In a particular embodiment, rhuMAb 2C4 is administered in a fixed dose of 420 mg (equivalent to doses of 6 mg/kg for a 70-kg subject) every 3 weeks. Treatment may start with a higher loading dose (e.g., 840 mg, equivalent to 12 mg/kg of body weight) in order to achieve steady state serum concentrations more rapidly.
Aside from administration of the antibody protein to the patient, the present application contemplates administration of the antibody by gene therapy. Such administration of nucleic acid encoding the antibody is encompassed by the expression “administering a therapeutically effective amount of an antibody”. See, for example, WO96/07321 published Mar. 14, 1996 concerning the use of gene therapy to generate intracellular antibodies.
There are two major approaches to getting the nucleic acid (optionally contained in a vector) into the patient's cells; in vivo and ex vivo. For in vivo delivery the nucleic acid is injected directly into the patient, usually at the site where the antibody is required. For ex vivo treatment, the patient's cells are removed, the nucleic acid is introduced into these isolated cells and the modified cells are administered to the patient either directly or, for example, encapsulated within porous membranes which are implanted into the patient (see, e.g., U.S. Pat. Nos. 4,892,538 and 5,283,187). There are a variety of techniques available for introducing nucleic acids into viable cells. The techniques vary depending upon whether the nucleic acid is transferred into cultured cells in vitro, or in vivo in the cells of the intended host. Techniques suitable for the transfer of nucleic acid into mammalian cells in vitro include the use of liposomes, electroporation, microinjection, cell fusion, DEAE-dextran, the calcium phosphate precipitation method, etc. A commonly used vector for ex vivo delivery of the gene is a retrovirus.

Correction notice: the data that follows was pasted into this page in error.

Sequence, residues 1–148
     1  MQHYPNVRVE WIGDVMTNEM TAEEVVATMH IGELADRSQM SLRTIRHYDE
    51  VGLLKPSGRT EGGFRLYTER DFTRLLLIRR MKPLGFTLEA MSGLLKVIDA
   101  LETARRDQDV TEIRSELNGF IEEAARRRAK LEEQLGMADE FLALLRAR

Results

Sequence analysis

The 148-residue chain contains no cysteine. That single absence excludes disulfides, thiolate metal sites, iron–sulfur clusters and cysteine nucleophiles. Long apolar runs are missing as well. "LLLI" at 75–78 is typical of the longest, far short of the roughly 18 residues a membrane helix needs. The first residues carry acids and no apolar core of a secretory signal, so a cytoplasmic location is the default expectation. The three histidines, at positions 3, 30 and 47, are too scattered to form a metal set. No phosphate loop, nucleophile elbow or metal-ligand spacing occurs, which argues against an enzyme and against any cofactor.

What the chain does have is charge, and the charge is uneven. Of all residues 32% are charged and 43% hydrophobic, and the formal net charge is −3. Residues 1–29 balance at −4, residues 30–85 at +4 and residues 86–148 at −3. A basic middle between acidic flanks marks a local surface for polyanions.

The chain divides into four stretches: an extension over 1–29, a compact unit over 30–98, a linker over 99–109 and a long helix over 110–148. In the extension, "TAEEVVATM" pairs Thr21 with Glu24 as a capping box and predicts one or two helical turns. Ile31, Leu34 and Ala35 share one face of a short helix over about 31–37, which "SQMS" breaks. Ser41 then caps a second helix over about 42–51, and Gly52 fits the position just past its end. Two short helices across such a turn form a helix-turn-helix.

The currently preferred in vivo nucleic acid transfer techniques include transfection with viral vectors (such as adenovirus, Herpes simplex I virus, or adeno-associated virus) and lipid-based systems (useful lipids for lipid-mediated transfer of the gene are DOTMA, DOPE and DC-Chol, for example). In some situations it is desirable to provide the nucleic acid source with an agent that targets the target cells, such as an antibody specific for a cell surface membrane protein or the target cell, a ligand for a receptor on the target cell, etc. Where liposomes are employed, proteins which bind to a cell surface membrane protein associated with endocytosis may be used for targeting and/or to facilitate uptake, e.g., capsid proteins or fragments thereof tropic for a particular cell type, antibodies for proteins which undergo internalization in cycling, and proteins that target intracellular localization and enhance intracellular half-life. The technique of receptor-mediated endocytosis is described, for example, by Wu et al., J. Biol. Chem., 262:4429-4432 (1987); and Wagner et al., Proc. Natl. Acad. Sci. USA, 87:3410-3414 (1990). For review of the currently known gene marking and gene therapy protocols see Anderson et al., Science, 256:808-813 (1992). See also WO 93/25673 and the references cited therein.
VI. Deposit of Materials
The following hybridoma cell lines have been deposited with the American Type Culture Collection, 10801 University Boulevard, Manassas, Va. 20110-2209, USA (ATCC):
Antibody Designation ATCC No. Deposit Date 7C2 ATCC HB-12215 Oct. 17, 1996 7F3 ATCC HB-12216 Oct. 17, 1996 4D5 ATCC CRL 10463 May 24, 1990 2C4 ATCC HB-12697 Apr. 8, 1999
The foregoing written specification is considered to be sufficient to enable one skilled in the art to practice the invention. The present invention is not to be limited in scope by the constructs deposited, since the deposited embodiments are intended to illustrate only certain aspects of the invention and any constructs that are fluctionally equivalent are within the scope of this invention. The deposit of material herein does not constitute an admission that the written description herein contained is inadequate to enable the practice of any aspect of the invention, including the best mode thereof, nor is it to be construed as limiting the scope of the claims. Indeed, various modifications of the invention in addition to those shown and described herein will become apparent to those skilled in the art from the foregoing description and fall within the scope of the appended claims.
It is understood that the application of the teachings of the present invention to a specific problem or situation will be within the capabilities of one having ordinary skill in the art in light of the teachings contained herein.
Further details of the invention are illustrated by the following non-limiting Examples. The disclosures of all citations in the specification are expressly incorporated herein by reference.
HRG Dependent Association of ErbB2 with ErbB3 is Blocked by Monoclonal Antibody 2C4